European News Agencies discuss artificial intelligence
European news agencies should be more sensitive to Syrian tragedy, Anadolu Agency tells European news media
Anadolu Agency called on other European news media organizations to be more sensitive towards the ongoing tragedy in Syria.
A three-day general assembly of the European Alliance of News Agencies (EANA) came to an end on Friday in the Czech capital Prague.
Anadolu Agency editor-in-chief Metin Mutanoglu said in a speech that Syria's northwestern Idlib area was under heavy fire by Bashar al-Assad regime forces and that the region was facing a fresh wave of migrants.
Mutanoglu underlined that though tens of thousands were forced to leave their homes due to regime attacks, the European news media were not interested enough in the issue.
A new migration wave would affect not only Turkey but the rest of Europe as well, he stressed, adding that EANA should thus make a greater effort to draw attention to the humanitarian crisis in war-torn country .
Mutanoglu also offered participating agencies to take part in Anadolu Agency's war journalism training.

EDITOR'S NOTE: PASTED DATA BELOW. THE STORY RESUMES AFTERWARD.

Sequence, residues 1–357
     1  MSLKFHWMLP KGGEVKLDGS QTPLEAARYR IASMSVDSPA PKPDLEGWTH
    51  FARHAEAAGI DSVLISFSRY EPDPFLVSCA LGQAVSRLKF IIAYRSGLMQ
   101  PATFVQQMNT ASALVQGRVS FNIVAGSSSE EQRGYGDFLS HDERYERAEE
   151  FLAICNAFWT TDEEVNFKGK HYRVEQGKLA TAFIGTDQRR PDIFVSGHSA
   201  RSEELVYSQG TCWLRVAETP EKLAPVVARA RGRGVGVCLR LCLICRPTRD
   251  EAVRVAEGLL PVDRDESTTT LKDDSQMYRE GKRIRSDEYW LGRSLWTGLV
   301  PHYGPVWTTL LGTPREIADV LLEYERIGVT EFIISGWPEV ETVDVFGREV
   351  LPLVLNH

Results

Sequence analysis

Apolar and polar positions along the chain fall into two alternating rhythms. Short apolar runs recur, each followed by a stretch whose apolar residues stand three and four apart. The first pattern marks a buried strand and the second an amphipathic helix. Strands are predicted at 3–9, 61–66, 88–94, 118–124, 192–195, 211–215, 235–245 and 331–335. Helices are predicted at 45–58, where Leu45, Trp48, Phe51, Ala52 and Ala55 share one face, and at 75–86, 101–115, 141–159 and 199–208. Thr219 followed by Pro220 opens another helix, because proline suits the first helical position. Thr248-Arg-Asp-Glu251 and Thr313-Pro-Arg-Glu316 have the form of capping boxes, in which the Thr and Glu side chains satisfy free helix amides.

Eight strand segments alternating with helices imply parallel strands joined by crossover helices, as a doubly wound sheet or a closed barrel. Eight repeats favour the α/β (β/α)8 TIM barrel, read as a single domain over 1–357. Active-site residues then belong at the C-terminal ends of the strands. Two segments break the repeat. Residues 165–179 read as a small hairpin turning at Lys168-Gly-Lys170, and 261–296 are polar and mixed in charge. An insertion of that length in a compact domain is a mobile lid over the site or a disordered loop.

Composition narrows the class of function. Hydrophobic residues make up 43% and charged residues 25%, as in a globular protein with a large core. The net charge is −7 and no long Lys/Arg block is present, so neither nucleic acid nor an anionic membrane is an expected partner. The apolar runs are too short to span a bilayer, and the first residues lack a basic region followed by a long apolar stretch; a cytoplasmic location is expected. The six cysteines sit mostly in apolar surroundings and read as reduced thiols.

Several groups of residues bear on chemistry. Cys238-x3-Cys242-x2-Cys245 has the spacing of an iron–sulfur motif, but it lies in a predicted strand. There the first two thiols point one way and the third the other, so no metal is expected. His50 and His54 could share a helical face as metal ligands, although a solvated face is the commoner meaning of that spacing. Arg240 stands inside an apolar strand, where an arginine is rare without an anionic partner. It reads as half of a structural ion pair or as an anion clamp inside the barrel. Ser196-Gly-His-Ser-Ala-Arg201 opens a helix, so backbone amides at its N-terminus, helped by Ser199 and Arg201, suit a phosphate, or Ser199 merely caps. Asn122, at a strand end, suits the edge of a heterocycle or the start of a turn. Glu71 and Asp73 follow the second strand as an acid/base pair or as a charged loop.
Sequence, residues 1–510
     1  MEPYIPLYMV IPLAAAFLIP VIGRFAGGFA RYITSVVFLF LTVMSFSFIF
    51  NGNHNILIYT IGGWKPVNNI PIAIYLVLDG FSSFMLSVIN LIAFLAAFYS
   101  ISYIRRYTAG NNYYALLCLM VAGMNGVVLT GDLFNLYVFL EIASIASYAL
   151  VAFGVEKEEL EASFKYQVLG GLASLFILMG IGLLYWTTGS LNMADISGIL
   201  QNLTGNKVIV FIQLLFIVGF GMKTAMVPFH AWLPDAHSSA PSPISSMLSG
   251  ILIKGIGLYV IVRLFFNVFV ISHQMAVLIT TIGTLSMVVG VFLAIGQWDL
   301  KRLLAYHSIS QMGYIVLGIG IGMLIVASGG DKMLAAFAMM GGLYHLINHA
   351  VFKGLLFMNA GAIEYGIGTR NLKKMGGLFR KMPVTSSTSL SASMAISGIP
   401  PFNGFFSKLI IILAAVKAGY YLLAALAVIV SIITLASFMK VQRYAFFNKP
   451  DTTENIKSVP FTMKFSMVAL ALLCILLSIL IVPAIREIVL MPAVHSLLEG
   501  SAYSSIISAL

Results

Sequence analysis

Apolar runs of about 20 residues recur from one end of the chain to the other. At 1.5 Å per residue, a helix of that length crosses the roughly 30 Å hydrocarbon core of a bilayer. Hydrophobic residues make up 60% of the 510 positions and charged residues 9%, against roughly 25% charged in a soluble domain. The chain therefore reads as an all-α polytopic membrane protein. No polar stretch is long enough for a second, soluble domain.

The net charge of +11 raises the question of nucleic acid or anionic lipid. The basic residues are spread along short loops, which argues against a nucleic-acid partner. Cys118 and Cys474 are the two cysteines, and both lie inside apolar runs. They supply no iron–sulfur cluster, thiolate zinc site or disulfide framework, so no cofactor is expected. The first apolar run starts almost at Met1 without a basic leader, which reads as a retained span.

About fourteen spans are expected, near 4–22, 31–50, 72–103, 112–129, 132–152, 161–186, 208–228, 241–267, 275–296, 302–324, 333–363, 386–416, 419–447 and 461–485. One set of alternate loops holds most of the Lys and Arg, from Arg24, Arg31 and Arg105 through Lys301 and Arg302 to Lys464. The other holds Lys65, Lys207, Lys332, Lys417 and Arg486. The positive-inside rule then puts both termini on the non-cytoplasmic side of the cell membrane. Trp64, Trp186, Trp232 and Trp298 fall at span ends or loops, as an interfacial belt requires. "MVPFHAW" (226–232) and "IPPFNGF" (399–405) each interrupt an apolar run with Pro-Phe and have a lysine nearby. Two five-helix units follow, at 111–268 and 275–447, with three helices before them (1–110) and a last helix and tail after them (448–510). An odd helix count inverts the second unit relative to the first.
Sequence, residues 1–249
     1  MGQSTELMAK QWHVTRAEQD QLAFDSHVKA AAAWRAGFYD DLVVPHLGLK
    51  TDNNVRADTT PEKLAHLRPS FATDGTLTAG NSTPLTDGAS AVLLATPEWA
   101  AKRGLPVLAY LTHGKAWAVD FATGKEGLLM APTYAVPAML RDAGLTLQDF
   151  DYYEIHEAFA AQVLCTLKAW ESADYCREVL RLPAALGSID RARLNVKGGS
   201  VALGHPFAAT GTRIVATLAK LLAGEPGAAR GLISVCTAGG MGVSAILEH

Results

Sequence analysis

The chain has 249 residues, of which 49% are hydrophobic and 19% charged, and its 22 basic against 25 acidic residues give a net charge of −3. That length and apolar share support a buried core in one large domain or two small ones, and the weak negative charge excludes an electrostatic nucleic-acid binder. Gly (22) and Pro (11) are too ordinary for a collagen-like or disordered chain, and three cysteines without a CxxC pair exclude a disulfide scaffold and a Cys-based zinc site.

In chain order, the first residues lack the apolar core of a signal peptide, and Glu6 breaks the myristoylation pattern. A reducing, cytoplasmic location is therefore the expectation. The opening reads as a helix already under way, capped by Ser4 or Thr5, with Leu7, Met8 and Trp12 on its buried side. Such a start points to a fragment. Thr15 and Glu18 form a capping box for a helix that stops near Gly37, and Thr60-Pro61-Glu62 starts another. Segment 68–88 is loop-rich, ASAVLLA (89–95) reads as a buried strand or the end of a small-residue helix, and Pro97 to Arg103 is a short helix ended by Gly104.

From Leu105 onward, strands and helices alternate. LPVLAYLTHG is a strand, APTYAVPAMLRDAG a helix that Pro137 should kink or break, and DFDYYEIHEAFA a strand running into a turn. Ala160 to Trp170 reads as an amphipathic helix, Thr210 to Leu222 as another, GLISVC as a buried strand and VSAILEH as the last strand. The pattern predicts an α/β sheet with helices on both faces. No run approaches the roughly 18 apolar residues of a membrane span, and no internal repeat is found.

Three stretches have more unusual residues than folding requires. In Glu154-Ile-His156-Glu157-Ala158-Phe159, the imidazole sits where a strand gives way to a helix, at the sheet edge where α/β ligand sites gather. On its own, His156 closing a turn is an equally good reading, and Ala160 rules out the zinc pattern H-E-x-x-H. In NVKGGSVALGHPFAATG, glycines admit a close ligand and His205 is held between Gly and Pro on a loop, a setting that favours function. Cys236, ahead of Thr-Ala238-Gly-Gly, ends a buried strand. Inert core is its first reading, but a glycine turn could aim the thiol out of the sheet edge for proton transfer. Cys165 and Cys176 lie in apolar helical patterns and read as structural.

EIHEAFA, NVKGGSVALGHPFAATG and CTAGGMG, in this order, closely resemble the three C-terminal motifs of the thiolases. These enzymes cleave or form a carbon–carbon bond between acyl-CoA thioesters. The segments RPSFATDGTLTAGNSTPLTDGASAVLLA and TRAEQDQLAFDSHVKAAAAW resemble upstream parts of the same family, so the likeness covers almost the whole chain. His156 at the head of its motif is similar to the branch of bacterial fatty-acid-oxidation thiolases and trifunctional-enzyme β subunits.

The event was hosted by the Czech News Agency (CTK) in Prague, with the title "Artificial Intelligence: opportunities, threats and long term perspectives for news agency strategy".
A total of 50 administrators from 27 countries participated the event, including Mutanoglu and Anadolu Agency Europe news editor Yusuf Kaya.
At the general assembly meeting, two new EANA board members were elected, replacing two former members who resigned.
The U.K.'s Press Association Chief Executive Clive Marshall and Albanian News Agency Chief Executive Armela Krasniqi were elected to board membership for three years.
EANA serves as a professional platform to increase cooperation and information exchange between European news agencies by holding conferences each year where problems and future perspectives are discussed.
EANA was founded on Aug. 21, 1956 in conjunction with a conference on new media technology held in Strasbourg, France.
Its founding fathers were Western European news agencies, Anadolu Agency and Tanjug (Yugoslavia). In 1970, agencies behind the so-called "iron curtain" were invited to join.
* Writing by Fatih Hafiz Mehmet in Ankara
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